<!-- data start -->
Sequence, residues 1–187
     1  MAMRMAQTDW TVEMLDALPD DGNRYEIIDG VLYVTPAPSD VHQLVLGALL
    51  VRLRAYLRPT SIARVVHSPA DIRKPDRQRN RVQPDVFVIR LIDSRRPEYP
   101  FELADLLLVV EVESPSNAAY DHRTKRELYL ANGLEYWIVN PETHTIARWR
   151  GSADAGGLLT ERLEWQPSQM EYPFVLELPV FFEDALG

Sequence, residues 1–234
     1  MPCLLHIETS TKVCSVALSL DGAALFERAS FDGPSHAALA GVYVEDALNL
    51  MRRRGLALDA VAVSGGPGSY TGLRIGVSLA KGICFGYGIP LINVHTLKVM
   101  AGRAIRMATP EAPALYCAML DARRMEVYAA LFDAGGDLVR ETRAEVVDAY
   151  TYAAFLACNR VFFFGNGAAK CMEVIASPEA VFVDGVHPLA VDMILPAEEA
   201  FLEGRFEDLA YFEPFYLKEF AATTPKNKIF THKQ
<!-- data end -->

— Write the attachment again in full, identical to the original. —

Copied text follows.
Sequence, residues 1–187
     1  MAMRMAQTDW TVEMLDALPD DGNRYEIIDG VLYVTPAPSD VHQLVLGALL
    51  VRLRAYLRPT SIARVVHSPA DIRKPDRQRN RVQPDVFVIR LIDSRRPEYP
   101  FELADLLLVV EVESPSNAAY DHRTKRELYL ANGLEYWIVN PETHTIARWR
   151  GSADAGGLLT ERLEWQPSQM EYPFVLELPV FFEDALG

Sequence, residues 1–234
     1  MPCLLHIETS TKVCSVALSL DGAALFERAS FDGPSHAALA GVYVEDALNL
    51  MRRRGLALDA VAVSGGPGSY TGLRIGVSLA KGICFGYGIP LINVHTLKVM
   101  AGRAIRMATP EAPALYCAML DARRMEVYAA LFDAGGDLVR ETRAEVVDAY
   151  TYAAFLACNR VFFFGNGAAK CMEVIASPEA VFVDGVHPLA VDMILPAEEA
   201  FLEGRFEDLA YFEPFYLKEF AATTPKNKIF THKQ